I know this is no way to start off a humor column, but summer safety is no laughing matter. Children in particular are known to be very good at finding new and inventive ways to hurt themselves. If you are responsible for any children, or have someone sitting next to you who is responsible for some children but is for some reason weeping into her hands, you need to make sure that you are always aware of the basic rules of safety. This safety quiz will test your knowledge:
- As a parent, which of these dangers are you most worried about when it comes to your children?
- Strangers with candy.
- Strangers with non-kosher candy.
- Metal slides on hot days.
- Babies eating grass.
- Complete the following statement. “Bike helmets…
- Should be worn whenever you ride a bike, and possibly even when you’re working on the roof of your garage.”
- Make you look like a giant mushroom.”
- Should really be made to cover the entire head, like a motorcycle helmet, except that if they did, parents would not be able to recognize their children when it’s time for dinner.”
- Are a good alternative to yarmulkes, because of the chin straps.”
- Before your kids leave the house, you make sure they are wearing…
- A layer of suntan lotion deep enough to conceal a set of keys.
- Bright colors, because dark colors absorb sunlight (with the exception, somehow, of sunglasses).
- Dark colors, because bright colors attract bugs.
- Stripes, like a zebra. Let’s see what happens.
- If your children are going to be riding their bikes on the street, what steps do you take to make sure they are safe?
- You make sure that they know the proper hand signals, despite the fact that most of the drivers out there have no idea what they mean
- Let them do what they want, so long as they don’t talk on their cell phones while they are riding.
- Get them a set of blinkers, bearing in mind that since they’re driving skinny little bikes, a lot of the motorists are going to have trouble figuring out whether the flashing light is their left blinker or their right one.
- I get out there in my vest and direct traffic.
- When driving around town during the summer, you…
- Count your kids every time you get into or out of the car.
- Put on oven mitts before touching the steering wheel.
- Avoid leather seats.
- Brush up on your hand signals.
- How do you keep your kids from running into the street?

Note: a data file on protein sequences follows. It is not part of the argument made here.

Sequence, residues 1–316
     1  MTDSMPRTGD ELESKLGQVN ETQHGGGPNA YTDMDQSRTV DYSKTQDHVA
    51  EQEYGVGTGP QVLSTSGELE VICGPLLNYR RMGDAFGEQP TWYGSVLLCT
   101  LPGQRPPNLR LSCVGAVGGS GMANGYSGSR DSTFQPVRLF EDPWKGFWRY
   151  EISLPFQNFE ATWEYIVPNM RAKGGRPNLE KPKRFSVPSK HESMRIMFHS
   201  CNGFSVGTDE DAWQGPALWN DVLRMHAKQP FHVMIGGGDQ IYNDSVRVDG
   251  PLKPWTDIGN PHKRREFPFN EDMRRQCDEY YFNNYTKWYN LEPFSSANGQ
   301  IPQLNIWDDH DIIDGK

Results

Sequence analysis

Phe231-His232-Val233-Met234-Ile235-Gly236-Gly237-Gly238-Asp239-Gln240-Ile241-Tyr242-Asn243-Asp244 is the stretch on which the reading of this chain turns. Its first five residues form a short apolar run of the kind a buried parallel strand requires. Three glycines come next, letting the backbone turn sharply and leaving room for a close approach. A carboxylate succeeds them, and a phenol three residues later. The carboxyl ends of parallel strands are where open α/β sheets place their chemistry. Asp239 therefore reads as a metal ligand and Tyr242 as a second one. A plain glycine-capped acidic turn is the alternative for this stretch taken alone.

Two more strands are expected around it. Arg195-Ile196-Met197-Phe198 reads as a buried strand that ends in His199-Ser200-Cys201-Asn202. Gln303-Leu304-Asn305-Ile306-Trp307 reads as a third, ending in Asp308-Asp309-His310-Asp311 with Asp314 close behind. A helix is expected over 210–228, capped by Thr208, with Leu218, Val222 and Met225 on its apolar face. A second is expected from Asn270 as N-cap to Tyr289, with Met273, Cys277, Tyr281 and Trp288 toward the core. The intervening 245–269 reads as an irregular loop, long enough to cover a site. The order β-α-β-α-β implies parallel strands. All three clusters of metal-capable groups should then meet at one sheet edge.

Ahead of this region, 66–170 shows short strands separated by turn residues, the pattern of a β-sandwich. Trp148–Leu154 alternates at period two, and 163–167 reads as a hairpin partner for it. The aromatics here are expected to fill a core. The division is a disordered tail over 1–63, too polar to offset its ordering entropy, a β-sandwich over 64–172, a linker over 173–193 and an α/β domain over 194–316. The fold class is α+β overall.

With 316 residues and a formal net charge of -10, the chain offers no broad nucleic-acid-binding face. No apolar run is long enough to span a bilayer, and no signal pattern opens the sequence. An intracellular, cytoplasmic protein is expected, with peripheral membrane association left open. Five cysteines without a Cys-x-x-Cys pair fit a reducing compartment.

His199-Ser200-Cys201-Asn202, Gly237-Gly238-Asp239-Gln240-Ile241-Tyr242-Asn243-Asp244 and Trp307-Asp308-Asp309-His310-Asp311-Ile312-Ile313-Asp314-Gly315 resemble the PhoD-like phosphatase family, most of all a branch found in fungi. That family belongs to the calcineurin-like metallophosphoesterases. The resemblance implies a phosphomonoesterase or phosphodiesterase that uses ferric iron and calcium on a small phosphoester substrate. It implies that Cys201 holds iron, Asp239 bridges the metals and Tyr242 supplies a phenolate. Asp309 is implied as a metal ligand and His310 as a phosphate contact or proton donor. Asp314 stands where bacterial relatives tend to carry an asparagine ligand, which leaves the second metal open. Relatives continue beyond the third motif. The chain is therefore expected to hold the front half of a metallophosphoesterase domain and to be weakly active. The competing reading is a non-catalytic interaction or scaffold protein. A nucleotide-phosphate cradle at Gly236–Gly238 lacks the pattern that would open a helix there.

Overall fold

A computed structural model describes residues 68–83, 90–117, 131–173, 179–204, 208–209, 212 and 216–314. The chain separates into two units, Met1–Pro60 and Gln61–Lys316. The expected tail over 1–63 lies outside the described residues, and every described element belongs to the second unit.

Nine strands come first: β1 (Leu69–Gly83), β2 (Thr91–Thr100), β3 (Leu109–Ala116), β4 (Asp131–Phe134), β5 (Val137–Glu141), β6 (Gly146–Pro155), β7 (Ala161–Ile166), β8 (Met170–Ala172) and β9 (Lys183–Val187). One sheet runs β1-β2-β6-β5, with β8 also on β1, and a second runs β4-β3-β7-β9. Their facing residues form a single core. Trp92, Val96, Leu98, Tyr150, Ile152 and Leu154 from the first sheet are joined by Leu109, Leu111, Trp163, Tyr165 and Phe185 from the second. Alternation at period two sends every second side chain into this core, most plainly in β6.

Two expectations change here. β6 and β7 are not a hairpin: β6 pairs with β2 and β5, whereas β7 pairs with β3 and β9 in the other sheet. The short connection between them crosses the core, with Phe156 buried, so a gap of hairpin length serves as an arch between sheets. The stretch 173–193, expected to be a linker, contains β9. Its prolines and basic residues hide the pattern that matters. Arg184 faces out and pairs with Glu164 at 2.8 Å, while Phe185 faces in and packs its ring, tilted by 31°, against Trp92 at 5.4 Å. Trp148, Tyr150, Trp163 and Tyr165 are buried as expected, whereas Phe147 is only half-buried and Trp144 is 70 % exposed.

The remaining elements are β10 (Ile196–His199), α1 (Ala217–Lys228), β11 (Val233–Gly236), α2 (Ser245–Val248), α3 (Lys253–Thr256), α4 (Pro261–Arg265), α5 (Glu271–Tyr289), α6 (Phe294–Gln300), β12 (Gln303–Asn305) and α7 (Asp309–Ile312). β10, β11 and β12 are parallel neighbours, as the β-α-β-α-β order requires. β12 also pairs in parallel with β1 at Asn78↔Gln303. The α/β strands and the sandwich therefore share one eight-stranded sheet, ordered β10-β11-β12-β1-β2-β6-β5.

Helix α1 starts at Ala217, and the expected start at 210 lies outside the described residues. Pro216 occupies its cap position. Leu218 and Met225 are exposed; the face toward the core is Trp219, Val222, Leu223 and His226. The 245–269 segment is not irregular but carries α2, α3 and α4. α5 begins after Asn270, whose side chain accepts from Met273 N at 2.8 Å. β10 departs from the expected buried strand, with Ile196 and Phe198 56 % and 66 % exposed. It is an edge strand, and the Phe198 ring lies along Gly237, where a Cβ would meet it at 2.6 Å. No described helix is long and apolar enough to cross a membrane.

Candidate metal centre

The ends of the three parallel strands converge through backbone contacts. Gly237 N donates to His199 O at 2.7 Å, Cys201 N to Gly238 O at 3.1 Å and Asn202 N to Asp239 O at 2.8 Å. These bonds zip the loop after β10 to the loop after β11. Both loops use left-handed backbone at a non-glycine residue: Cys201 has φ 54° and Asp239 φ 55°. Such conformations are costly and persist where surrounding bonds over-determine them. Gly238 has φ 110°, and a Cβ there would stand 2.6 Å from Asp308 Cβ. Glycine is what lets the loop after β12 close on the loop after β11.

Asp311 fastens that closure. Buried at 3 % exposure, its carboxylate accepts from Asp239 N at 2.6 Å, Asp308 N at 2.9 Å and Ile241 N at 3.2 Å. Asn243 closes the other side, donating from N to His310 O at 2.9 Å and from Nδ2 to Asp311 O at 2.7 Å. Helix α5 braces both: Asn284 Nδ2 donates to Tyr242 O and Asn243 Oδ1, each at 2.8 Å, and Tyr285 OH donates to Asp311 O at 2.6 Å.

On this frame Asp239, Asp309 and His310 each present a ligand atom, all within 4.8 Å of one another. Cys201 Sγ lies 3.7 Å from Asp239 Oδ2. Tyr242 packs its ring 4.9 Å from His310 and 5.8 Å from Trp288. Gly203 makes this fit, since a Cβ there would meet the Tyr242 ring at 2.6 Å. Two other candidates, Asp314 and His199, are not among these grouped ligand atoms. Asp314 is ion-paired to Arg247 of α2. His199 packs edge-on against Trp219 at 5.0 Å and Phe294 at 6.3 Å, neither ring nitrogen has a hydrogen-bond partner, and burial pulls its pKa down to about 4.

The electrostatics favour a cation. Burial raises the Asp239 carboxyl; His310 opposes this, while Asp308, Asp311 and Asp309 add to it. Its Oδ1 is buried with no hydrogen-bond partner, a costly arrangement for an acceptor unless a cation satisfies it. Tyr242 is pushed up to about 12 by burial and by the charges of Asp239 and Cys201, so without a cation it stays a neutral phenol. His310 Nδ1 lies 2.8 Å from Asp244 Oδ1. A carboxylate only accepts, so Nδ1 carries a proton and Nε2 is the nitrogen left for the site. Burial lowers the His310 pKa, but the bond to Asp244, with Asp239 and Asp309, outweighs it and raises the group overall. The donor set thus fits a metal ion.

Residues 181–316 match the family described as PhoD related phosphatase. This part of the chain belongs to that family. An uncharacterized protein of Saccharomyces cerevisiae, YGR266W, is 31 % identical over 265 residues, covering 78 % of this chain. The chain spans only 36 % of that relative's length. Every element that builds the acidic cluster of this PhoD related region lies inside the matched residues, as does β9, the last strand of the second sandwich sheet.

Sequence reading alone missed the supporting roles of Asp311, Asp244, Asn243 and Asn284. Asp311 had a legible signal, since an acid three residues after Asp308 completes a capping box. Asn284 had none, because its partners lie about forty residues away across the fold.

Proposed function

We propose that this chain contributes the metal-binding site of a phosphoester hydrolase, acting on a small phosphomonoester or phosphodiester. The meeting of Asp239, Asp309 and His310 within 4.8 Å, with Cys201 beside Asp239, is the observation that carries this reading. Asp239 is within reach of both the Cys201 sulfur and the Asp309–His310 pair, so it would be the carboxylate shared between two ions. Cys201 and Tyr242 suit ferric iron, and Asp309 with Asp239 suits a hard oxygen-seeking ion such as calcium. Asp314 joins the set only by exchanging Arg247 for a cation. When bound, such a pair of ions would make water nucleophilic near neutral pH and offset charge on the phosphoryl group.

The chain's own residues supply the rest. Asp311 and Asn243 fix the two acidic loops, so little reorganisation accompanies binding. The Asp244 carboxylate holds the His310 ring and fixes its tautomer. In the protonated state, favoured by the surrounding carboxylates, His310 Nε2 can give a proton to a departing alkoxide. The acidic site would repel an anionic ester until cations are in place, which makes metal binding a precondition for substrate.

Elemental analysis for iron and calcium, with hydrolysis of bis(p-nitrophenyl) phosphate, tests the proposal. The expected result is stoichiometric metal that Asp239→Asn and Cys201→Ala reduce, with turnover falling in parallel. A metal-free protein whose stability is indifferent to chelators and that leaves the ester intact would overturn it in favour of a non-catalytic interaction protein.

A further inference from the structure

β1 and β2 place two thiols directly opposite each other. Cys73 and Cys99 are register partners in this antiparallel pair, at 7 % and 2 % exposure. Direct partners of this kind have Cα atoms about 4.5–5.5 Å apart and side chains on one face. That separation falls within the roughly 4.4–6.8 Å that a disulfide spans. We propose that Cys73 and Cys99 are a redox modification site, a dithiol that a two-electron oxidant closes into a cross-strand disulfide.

- Give them a long speech featuring lots of color slides, and occasionally let them read horror stories in the newspaper.
- Don’t coat them in sun block. Kids are slippery enough as it is.
- Keep them in the house until they are bouncing off the walls and having water fights with that hose that pulls out of your kitchen sink.
- Move to a meadow.
- Poison ivy has…
- Three leaves.
- Four leaves.
- Six hundred thirteen leaves.
- I don’t know. I live in Brooklyn.
- What precautions do you take before going on family trips?
- I make sure each of my kids can recite his name, address, and telephone number, and if my child has a name that is hard for the general public to pronounce, I make sure he knows how to spell it.
- I stock up on barbecue corn chips.
- I put distinctive matching outfits on all of my children, as well as on my husband.
- I leave the kids at home with my in-laws. That way I know where both of them are.
- The best answer to all of these questions is:
- None of the above.
- All of the above, except D.
- While you’ve been working on this quiz, your child:
- Ate something with three leaves.
- Drank all of the sun block.
- Schlepped his bike up to the top of a slide.
- Moved to a meadow.
It’s not easy, keeping your kids safe. The clothes that drive away the sun attract bees. Sun block makes your kids slippery. And hand signals seem useless when no one you are signaling knows what you’re trying to tell them. But if there is one thing that you can take logical steps to avoid, it is heat exhaustion.
Everyone has their safety topic that they are especially paranoid about, and mine is heat exhaustion. I am the guy who always runs into the middle of the dancing circle at a wedding with a glass of water for the groom, usually spilling some of it on at least six people, although it’s not a big deal, because it’s just water. Except for when it’s Coke.
Children, in particular, are more susceptible to heat exhaustion, because they are smaller. Think of how long it takes to bake cookies, as opposed to how long it takes to bake a cake. Plus, kids don’t always notice when they’re dehydrating, just like kids never notice when they’re tired. They just think that, after a certain time of night, the world gets funnier, then it gets meaner, and then it gets chillier.
The best way to combat heat exhaustion, of course, is to keep drinking. You can drink while you’re working, or playing, or walking, or leaning left. You can even drink and drive, for all I care. But bear in mind that alcohol makes you sweat more, so you should definitely stick to water. Especially if you’re going to be outside. For instance, if you’re planning on spending an entire day in an amusement park, make sure that at least one person in your party is lugging around what is essentially an entire knapsack filled with water.
Anyway, that's all the safety tips we have for now. You don't want to be too safe.